How Extraordinarily Subtle Online Self-Promotion Is Done
Two days into Tor.com’s 2011 Readers’ Choice Awards voting, and my novel Fuzzy Nation is doing just fine — it’s number nine in the Best Novel listings at the moment, so thanks. But I gotta tell you, the Tor.com 2011 Readers’ Choice Award I’m coveting — we’re talking 10th Commandment level coveting — is the Short Story Tor.com 2011 Readers’ Choice Award, for which my story “Shadow War of the Night Dragons, Book One: The Dead City: Prologue” is totally eligible. Totally.
Now, I’m not saying that you should stop whatever it is you are doing right this instant and nominate “Shadow War” over at the Tor.com 2011 Readers’ Choice Awards. I know that wouldn’t work; you are all too smart, and independent-minded, and attractive, and smell too much of warm, fresh baked bread and victory, to be swayed by such a crass and transparent exhortation by me. I would ashamed to even suggest such a thing. What I will say is that I have strong evidence that every time someone nominates “Shadow War” in the Tor.com 2011 Readers’ Choice Awards, a small, wee starving kitten is fed a bowl of fresh cream.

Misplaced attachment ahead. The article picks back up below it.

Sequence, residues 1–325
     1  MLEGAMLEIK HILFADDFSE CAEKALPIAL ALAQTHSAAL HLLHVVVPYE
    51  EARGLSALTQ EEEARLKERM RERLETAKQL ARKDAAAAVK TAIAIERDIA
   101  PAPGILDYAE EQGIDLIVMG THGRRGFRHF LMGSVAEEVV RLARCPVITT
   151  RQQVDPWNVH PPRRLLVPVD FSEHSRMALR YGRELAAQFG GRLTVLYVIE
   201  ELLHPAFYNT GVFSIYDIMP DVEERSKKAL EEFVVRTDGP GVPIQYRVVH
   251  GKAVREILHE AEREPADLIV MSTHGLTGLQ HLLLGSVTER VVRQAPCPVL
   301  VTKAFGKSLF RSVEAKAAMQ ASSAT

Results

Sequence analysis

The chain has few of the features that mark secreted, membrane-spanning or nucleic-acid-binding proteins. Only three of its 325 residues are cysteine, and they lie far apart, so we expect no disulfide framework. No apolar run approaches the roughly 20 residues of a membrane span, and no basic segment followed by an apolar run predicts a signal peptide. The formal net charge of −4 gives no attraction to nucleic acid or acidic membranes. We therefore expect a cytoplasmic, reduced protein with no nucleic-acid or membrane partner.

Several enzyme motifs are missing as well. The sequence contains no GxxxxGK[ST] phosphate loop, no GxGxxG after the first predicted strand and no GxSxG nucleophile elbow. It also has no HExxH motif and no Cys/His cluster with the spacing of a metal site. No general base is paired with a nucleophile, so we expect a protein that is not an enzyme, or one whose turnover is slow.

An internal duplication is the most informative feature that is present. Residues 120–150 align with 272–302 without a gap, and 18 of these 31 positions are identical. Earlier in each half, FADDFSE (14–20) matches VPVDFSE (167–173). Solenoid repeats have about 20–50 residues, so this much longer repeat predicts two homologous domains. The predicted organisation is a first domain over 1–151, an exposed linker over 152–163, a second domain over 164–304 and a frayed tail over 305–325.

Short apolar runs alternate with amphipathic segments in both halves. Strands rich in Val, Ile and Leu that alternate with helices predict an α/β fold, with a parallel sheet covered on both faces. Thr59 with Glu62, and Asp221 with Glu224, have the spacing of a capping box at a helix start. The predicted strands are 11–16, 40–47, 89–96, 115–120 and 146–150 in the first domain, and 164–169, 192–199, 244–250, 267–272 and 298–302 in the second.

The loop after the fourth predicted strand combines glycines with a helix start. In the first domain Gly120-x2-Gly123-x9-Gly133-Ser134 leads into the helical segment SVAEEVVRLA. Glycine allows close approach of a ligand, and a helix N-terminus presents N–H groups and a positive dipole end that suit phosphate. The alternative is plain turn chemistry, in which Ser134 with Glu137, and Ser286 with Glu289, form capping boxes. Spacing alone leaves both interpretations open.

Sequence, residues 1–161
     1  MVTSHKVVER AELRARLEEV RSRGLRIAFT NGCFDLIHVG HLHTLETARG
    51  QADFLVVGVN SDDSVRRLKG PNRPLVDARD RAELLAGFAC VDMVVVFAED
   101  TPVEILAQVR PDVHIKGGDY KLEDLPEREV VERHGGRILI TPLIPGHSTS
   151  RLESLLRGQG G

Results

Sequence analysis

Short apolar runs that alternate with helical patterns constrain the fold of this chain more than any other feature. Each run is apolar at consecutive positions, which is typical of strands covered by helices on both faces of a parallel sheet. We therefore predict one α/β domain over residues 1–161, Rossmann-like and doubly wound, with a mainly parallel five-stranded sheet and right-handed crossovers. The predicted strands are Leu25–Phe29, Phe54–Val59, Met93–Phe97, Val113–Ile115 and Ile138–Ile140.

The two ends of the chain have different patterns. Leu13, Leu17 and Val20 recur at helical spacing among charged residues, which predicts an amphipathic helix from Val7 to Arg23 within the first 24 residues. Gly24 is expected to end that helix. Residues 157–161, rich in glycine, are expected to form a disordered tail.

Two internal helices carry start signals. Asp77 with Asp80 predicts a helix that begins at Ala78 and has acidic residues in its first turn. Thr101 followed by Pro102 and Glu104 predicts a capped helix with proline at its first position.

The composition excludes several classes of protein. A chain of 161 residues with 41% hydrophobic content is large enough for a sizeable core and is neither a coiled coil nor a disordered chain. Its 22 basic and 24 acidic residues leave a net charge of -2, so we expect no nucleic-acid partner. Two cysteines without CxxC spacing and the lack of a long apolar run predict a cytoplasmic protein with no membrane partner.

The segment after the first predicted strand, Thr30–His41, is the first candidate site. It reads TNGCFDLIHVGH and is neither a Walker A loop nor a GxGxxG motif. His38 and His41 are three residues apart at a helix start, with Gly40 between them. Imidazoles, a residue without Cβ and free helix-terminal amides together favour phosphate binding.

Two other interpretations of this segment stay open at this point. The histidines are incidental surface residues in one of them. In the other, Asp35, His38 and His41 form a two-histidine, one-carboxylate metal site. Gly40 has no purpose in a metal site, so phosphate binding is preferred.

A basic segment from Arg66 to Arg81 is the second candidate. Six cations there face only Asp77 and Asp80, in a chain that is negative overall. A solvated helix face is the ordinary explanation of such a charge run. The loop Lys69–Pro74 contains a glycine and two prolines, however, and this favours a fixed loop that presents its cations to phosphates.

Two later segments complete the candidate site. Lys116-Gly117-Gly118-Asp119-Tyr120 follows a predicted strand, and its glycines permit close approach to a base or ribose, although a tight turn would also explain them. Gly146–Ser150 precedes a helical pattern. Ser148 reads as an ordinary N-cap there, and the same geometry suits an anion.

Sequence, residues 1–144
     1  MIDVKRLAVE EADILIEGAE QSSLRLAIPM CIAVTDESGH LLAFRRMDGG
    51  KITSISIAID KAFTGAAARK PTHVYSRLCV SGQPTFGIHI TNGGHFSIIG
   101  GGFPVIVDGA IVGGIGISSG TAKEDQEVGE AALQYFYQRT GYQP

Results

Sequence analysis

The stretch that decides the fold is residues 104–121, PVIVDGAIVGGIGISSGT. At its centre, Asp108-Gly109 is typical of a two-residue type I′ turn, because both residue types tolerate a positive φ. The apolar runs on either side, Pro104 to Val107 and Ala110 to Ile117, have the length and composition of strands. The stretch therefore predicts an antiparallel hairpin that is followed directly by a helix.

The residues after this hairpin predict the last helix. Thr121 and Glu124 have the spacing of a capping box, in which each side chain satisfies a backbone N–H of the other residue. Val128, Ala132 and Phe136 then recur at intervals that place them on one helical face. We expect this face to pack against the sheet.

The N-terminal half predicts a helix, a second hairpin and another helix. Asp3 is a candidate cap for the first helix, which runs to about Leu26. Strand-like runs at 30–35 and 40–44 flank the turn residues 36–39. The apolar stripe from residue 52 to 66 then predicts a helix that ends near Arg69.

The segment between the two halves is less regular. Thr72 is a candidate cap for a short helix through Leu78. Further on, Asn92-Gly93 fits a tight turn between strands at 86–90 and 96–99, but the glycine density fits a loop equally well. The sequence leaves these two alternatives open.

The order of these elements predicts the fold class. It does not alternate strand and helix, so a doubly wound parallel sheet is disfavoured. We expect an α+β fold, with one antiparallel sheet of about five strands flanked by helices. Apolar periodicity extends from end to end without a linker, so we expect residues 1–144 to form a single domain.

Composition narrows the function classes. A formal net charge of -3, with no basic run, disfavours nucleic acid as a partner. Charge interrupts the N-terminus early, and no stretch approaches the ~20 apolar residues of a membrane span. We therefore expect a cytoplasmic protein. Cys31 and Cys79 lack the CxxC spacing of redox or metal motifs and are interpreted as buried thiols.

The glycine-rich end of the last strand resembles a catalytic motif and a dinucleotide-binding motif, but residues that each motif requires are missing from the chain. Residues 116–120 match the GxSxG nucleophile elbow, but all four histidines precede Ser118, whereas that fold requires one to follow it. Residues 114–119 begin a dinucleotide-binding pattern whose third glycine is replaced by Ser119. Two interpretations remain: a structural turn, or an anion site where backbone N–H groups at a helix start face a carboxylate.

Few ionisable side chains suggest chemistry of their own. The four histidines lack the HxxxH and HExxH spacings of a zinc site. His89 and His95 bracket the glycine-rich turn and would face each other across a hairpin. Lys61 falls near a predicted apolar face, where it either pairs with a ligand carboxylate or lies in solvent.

Not that this should sway you in any way, mind you.
I’m not even sure why I brought it up.
So, if you just happen to nominate “Shadow War” in the Tor.com 2011 Readers’ Choice Awards, after serious thought and consideration for its artistic merits, I would be grateful. And so would the kittens. Those poor starving little kittens, just hoping against hope for a fresh bowl of cream.
Thank you for thinking of the kittens.
(Oh, and if while you were there you wanted to vote for other short stories — and novels, and art — by other people, that’s cool too, because the rules of the Tor.com 2011 Readers’ Choice Awards allow you to nominate as many stories, novels and art as you want. It won’t do anything for the kittens, mind you. But you might make the story authors happy. And I guess that’s okay.)